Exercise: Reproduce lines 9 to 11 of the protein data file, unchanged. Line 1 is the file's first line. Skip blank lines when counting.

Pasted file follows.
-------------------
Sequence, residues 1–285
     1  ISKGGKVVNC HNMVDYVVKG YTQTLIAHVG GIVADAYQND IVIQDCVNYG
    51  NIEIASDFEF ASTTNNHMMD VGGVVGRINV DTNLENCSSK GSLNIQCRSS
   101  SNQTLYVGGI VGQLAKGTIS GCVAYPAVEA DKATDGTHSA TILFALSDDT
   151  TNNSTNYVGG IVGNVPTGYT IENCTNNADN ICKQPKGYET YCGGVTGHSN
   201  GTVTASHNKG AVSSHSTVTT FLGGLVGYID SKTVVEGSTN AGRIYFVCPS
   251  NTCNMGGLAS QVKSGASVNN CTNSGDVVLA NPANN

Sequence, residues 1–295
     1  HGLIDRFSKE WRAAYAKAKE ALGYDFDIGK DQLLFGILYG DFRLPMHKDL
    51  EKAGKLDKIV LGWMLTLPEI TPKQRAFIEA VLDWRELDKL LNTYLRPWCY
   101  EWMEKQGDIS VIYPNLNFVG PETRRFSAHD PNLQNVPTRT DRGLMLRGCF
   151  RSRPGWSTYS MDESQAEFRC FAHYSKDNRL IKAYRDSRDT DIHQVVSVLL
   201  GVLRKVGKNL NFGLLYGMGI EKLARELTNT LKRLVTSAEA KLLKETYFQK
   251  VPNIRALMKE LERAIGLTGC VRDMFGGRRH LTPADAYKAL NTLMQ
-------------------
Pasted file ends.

     1  HGLIDRFSKE WRAAYAKAKE ALGYDFDIGK DQLLFGILYG DFRLPMHKDL
    51  EKAGKLDKIV LGWMLTLPEI TPKQRAFIEA VLDWRELDKL LNTYLRPWCY
   101  EWMEKQGDIS VIYPNLNFVG PETRRFSAHD PNLQNVPTRT DRGLMLRGCF